THE TIES BETWEEN PARENTING PATTERN AND SUICIDAL IDEAS AMONG UNDERGRADUATE STUDENTS IN DELTA STATE UNIVERSITY, ABRAKA.
How to Cite
Copyright (c) 2023 International Journal of Research in Education and Sustainable Development
This work is licensed under a Creative Commons Attribution-NonCommercial 4.0 International License.
How to Cite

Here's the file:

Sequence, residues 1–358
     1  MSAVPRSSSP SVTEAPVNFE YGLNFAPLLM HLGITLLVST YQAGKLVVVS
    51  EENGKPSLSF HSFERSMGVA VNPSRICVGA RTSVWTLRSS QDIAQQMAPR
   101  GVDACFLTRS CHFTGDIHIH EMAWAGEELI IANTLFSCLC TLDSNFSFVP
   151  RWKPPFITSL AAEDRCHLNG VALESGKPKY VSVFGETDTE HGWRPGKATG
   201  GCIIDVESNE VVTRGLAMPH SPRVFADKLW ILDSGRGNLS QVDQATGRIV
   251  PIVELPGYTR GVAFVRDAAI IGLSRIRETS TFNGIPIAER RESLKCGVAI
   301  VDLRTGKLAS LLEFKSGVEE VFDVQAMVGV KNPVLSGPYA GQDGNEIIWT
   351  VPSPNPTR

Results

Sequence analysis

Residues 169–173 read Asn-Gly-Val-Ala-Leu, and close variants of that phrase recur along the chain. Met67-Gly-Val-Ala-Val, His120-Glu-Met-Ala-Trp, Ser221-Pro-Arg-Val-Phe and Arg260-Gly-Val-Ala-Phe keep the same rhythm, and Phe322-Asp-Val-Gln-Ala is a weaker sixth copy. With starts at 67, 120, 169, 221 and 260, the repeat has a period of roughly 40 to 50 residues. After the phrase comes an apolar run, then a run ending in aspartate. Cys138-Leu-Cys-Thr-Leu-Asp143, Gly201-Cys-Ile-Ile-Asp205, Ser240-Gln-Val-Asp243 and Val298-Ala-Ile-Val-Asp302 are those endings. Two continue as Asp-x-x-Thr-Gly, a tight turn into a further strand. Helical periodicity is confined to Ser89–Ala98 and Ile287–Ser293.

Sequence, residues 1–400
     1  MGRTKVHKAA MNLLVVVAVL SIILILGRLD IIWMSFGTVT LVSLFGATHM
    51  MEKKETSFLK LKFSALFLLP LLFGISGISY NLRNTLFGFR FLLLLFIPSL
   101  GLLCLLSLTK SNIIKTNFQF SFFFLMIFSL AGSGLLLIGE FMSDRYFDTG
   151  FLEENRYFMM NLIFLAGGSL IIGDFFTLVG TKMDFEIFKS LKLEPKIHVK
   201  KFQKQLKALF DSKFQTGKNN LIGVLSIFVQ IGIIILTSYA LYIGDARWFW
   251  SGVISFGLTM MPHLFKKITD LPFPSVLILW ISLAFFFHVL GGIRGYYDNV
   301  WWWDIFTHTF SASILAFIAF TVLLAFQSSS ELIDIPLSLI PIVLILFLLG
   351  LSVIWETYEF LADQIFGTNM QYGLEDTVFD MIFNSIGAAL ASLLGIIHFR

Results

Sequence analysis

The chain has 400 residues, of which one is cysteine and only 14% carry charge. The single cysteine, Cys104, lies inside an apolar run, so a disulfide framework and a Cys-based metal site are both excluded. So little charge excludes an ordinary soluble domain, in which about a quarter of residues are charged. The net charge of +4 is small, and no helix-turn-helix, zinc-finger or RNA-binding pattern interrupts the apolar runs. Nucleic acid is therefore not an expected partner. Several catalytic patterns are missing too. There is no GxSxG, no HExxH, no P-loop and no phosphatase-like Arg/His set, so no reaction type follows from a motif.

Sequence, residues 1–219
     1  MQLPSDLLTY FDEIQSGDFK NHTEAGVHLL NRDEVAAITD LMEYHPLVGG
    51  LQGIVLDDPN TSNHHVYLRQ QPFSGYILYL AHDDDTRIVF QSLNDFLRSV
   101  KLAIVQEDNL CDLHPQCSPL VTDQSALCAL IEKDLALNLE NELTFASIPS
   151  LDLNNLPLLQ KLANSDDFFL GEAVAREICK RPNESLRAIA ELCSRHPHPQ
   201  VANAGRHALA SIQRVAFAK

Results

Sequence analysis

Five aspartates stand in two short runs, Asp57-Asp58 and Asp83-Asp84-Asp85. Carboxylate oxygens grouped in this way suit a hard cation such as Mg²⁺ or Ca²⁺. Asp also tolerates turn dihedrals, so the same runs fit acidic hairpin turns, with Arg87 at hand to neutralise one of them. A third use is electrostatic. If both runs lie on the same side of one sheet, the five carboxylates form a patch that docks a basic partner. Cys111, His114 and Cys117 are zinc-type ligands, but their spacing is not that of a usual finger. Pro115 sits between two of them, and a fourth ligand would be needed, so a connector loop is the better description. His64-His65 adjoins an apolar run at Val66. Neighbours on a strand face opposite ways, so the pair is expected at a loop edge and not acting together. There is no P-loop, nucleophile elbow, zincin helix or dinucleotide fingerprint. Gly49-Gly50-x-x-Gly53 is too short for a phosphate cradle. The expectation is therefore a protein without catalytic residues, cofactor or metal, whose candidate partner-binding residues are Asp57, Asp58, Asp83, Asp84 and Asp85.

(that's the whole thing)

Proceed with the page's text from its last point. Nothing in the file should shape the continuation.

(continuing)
The study explored the linkage between parenting pattern and suicidal ideas among undergraduate students at Delta State University, Abraka. The research was guided by four research questions and four hypotheses. It utilized a correlational research design and included a population of 40,534 students at Delta State University. The sample size of 385 students was obtained through a simple random sampling technique using balloting. Data was collected using a questionnaire called the Parenting Pattern and Suicidal Ideas Rating Scale (PSSTRS), which encompassed the four parenting pattern and suicidal ideas. The instrument's internal consistency was assessed using Cronbach Alpha, resulting in reliability indices of 0.75 for Dictatorial Parenting Pattern, 0.79 for Stern Parenting Pattern, 0.68 for Tolerant Parenting Pattern, 0.77 for Uninvolved Parenting Pattern, and 0.88 for Suicidal Ideas. To address the research questions, Pearson Moment Correlation Coefficient was employed, and the hypotheses were tested using Simple Regression analysis. The study's findings led to the following conclusions: Dictatorial Parenting Pattern demonstrated a weak linkage with suicidal ideas among undergraduate students at Delta State University, Abraka. Stern Parenting Pattern showed no association with suicidal ideas in this context. Both Tolerant and Uninvolved Parenting pattern exhibited very weak ties with suicidal ideas among undergraduate students at Delta State University, Abraka. Based on these findings and conclusions, the study offers several recommendations: Parents should invest more time in understanding their children and fulfilling their fundamental needs. Parents should also remain attentive to their children's academic, emotional, moral, and social requirements. Additionally, the university's Office of Student Affairs should be receptive to and address students' concerns.